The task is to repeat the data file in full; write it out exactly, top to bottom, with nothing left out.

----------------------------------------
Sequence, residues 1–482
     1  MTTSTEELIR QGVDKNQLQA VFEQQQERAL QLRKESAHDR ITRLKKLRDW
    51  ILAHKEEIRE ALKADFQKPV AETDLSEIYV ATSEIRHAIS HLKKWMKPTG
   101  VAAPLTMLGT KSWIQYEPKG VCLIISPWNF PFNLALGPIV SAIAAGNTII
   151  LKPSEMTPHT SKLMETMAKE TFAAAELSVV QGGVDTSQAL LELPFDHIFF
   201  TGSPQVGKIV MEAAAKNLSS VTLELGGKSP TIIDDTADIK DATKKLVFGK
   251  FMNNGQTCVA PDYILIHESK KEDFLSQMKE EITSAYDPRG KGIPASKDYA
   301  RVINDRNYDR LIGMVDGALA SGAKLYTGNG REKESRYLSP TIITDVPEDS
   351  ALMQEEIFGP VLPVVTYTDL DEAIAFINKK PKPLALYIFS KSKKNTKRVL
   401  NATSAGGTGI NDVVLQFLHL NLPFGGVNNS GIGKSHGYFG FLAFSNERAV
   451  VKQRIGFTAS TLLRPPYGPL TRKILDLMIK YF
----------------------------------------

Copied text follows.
Sequence, residues 1–482
     1  MTTSTEELIR QGVDKNQLQA VFEQQQERAL QLRKESAHDR ITRLKKLRDW
    51  ILAHKEEIRE ALKADFQKPV AETDLSEIYV ATSEIRHAIS HLKKWMKPTG
   101  VAAPLTMLGT KSWIQYEPKG VCLIISPWNF PFNLALGPIV SAIAAGNTII
   151  LKPSEMTPHT SKLMETMAKE TFAAAELSVV QGGVDTSQAL LELPFDHIFF
   201  TGSPQVGKIV MEAAAKNLSS VTLELGGKSP TIIDDTADIK DATKKLVFGK
   251  FMNNGQTCVA PDYILIHESK KEDFLSQMKE EITSAYDPRG KGIPASKDYA
   301  RVINDRNYDR LIGMVDGALA SGAKLYTGNG REKESRYLSP TIITDVPEDS
   351  ALMQEEIFGP VLPVVTYTDL DEAIAFINKK PKPLALYIFS KSKKNTKRVL
   401  NATSAGGTGI NDVVLQFLHL NLPFGGVNNS GIGKSHGYFG FLAFSNERAV
   451  VKQRIGFTAS TLLRPPYGPL TRKILDLMIK YF